NEW YORK (AP) -- U.S. stocks rallied Tuesday as technology companies continued to recover from their recent losses.
The approach of Hurricane Florence sent home improvement retailers and gas prices higher. The Department of Energy said it's seeing signs that shipments of oil from Iran are falling as the U.S. prepares to resume sanctions on the Iranian energy industry and pushes other countries to stop buying.
Apple climbed a day before it's set to announce new phone designs and other products. Video game companies Activision Blizzard and Take-Two Interactive also jumped. Other big technology companies, and their compatriot Amazon, rose for a second day after big declines last week.
Brad McMillan, chief investment officer for Commonwealth Financial Network, said that when investors' confidence in the technology sector wavers, it tends to come back quickly because the companies are so profitable: Google and Facebook are free to use, and new users cost the companies practically nothing.
"There's no way smaller companies can compete," he said, although that comes with risks. "When a company gets successful beyond a certain level it does draw government attention."
The S&P 500 index rose 10.76 points, or 0.4 percent, to 2,887.89. The Dow Jones Industrial Average gained 113.99 points, or 0.4 percent, to 25,971.06. The Nasdaq composite added 48.31 points, or 0.6 percent, to 7,972.47. The Russell 2000 index of smaller and more U.S.-focused companies inched up 0.94 points, or 0.1 percent, to 1,718.40.
Apple jumped 2.5 percent to $223.85 and Amazon rallied 2.5 percent to $1,987.15. Microsoft picked up 1.7 percent to $111.24 and Alphabet climbed 1.3 percent to $1,189.99.
Big technology companies slumped last week as executives from Facebook and Twitter appeared before Congress at hearings about election meddling and political bias. That led to a rare decline for the sector.
While the stocks are bouncing back from that drop, Facebook and Twitter have yet to recover from the big losses they absorbed in July after investors began to worry about their user growth.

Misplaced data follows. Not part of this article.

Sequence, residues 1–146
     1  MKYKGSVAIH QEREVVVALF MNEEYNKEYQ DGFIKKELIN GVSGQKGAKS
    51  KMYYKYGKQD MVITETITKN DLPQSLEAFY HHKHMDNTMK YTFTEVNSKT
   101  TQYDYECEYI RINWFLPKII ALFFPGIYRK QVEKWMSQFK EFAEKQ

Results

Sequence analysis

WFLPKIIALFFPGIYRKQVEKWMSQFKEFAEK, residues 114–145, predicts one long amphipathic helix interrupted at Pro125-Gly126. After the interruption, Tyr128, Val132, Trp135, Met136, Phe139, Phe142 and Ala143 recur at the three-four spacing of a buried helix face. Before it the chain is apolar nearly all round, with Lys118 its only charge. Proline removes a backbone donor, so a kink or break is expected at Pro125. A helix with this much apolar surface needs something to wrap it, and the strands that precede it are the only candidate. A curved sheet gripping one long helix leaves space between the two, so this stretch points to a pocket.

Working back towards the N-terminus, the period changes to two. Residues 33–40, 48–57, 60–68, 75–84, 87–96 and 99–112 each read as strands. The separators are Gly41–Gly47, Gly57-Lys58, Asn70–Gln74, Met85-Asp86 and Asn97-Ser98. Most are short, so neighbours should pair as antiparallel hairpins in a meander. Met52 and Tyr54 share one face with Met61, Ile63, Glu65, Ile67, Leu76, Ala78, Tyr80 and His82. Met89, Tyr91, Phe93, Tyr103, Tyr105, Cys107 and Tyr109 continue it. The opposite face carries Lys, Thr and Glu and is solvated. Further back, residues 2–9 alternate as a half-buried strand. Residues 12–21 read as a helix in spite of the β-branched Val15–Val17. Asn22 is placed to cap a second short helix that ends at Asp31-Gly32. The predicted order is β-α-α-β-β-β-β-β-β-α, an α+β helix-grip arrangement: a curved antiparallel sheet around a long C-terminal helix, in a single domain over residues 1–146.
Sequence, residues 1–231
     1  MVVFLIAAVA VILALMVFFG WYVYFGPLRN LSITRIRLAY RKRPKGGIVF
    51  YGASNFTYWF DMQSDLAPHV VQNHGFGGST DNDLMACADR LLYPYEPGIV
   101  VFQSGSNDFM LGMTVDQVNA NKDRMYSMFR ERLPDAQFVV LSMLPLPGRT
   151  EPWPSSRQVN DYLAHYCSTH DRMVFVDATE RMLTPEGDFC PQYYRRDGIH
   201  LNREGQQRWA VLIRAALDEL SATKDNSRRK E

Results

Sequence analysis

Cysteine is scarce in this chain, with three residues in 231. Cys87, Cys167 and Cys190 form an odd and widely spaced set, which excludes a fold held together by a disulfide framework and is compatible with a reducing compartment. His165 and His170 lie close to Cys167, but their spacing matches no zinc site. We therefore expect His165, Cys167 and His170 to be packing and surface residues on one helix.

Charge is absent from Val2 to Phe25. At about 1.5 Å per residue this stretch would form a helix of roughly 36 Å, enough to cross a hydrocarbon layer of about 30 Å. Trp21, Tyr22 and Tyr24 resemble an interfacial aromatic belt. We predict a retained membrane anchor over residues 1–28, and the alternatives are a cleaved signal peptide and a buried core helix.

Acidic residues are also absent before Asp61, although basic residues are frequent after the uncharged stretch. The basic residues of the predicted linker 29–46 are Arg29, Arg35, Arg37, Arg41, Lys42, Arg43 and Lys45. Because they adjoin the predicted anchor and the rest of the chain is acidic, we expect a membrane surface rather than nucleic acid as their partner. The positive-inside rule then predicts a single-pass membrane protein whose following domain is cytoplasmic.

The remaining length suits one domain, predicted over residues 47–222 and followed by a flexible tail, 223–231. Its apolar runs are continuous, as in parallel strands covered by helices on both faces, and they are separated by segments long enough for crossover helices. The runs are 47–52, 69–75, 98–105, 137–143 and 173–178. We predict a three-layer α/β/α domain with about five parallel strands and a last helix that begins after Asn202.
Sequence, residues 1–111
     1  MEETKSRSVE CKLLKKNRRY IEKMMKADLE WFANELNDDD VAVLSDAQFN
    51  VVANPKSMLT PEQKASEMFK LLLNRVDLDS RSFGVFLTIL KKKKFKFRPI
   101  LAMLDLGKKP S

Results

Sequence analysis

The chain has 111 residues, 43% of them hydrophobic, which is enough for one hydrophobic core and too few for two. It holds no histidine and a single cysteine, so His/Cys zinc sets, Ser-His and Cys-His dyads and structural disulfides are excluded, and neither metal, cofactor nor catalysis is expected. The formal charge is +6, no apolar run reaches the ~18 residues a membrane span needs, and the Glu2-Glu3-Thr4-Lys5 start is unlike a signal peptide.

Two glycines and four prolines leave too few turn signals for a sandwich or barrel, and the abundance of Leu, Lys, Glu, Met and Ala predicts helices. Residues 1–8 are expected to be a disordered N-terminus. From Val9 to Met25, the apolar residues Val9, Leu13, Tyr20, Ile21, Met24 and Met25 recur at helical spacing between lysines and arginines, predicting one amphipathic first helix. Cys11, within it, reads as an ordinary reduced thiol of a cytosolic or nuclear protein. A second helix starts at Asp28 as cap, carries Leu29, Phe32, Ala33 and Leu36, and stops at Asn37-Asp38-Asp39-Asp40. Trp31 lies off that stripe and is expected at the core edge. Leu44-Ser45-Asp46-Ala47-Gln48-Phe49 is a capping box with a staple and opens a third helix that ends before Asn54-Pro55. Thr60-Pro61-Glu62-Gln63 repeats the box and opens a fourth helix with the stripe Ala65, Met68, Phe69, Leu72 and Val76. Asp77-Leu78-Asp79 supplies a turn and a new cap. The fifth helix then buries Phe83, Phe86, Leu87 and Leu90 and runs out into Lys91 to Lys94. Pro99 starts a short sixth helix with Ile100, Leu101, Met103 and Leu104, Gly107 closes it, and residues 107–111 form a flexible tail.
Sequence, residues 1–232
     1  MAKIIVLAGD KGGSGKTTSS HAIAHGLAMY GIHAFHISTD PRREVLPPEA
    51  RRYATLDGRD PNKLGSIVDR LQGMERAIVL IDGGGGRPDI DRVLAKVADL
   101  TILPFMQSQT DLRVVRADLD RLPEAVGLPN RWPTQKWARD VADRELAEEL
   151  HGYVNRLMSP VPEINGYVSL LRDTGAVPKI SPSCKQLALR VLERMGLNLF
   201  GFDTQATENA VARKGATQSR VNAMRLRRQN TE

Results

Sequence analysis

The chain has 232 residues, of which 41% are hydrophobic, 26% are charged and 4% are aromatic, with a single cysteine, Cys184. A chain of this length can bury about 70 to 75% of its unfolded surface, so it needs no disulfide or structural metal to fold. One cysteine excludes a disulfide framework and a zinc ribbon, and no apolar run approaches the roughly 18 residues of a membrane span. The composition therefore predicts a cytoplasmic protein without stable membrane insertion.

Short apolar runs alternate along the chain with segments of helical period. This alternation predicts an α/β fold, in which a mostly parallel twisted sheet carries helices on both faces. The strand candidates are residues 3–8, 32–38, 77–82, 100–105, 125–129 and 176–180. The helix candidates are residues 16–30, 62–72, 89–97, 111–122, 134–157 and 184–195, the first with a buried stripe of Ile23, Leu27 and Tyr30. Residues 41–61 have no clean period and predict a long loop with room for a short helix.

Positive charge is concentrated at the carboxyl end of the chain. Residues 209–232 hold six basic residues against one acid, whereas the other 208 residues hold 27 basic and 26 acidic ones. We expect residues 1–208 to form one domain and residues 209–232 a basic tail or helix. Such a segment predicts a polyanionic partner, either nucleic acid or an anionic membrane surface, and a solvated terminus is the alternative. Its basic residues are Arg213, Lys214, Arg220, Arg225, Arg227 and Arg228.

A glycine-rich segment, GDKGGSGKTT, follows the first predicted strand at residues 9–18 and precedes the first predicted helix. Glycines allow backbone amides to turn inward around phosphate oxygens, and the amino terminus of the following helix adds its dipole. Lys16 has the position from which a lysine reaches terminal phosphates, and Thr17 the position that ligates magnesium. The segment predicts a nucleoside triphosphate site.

Investors also anticipated possible gas shortages linked to Florence. Wholesale gasoline futures surged 2.8 percent to $2.01 a gallon.
Home Depot rose 1.5 percent to $213.85 and Lowe's added 1.6 percent to $114.18 as damage from the storm could lead to a quick boost in sales. But property and casualty insurance companies have slumped in the last week.
According to a note published Sunday by Morgan Stanley analyst Kai Pan, Allstate, Berkshire Hathaway and Travelers are some of the largest catastrophe insurers in the Carolinas and Virginia. while the largest property and casualty reinsurers include Axis Capital, Everest Re and RenaissanceRe.
Most of those stocks inched higher Tuesday, but they have fallen between 3 and 5 percent over the last week.
Benchmark U.S. crude jumped 2.5 percent to $69.25 per barrel in New York. Brent crude, used to price international oils, climbed 2.2 percent to $79.06 a barrel in London.
The Energy Information Administration also said there is evidence that several countries are buying significantly less oil from Iran. The U.S. is getting ready to put sanctions on Iran's energy industry again, and it's been pressuring other countries to reduce their imports.
Those steps came after the Trump administration withdrew from an international agreement that is intended to curb Iran's nuclear program.
Chipmaker Integrated Device Technology soared after it agreed to be bought by Renesas Electronics of China for $49 a share, or $6.34 billion. IDT climbed 10.6 percent to $46.56.
Yum China Holdings dropped 13.3 percent to $31.94 after Bloomberg News reported that a Chinese consortium has decided to end its effort to buy the fast food company.
Wireless speaker maker Sonos plunged 22 percent to $16.56 after its first earnings report as a publicly traded company. The company went public in early August with an offering that priced at $15 a share and it had climbed to $21.24 at Monday's close.
Bond prices fell. The yield on the 10-year Treasury note rose to 2.98 percent from 2.94 percent.
The World Trade Organization says it will review China's request to be allowed to impose sanctions on the U.S. for failing to abide by WTO rules. The dispute is linked steps the U.S. took in 2013 over Chinese goods that it said were "dumped," or sold for less than market value.
The dollar rose to 111.59 yen from 111.21 yen. The euro dipped to $1.1586 from $1.1597.
In other commodities trading, heating oil gained 1.5 percent to $2.25 a gallon. Natural gas added 0.9 percent to $2.83 per 1,000 cubic feet.
Gold rose 0.2 percent to $1,202.20 an ounce. Silver fell 0.2 percent to $14.15 an ounce. Copper slipped 0.2 percent to $2.62 a pound.
Germany's DAX and London's FTSE 100 both fell 0.1 percent. The French CAC 40 added 0.3 percent.
Hong Kong's Hang Seng lost 0.7 percent and officially entered a bear market, having fallen 20.3 percent from its recent peak reached Jan. 26. Tokyo's Nikkei 225 rose 1.3 percent while Seoul's Kospi fell 0.2 percent.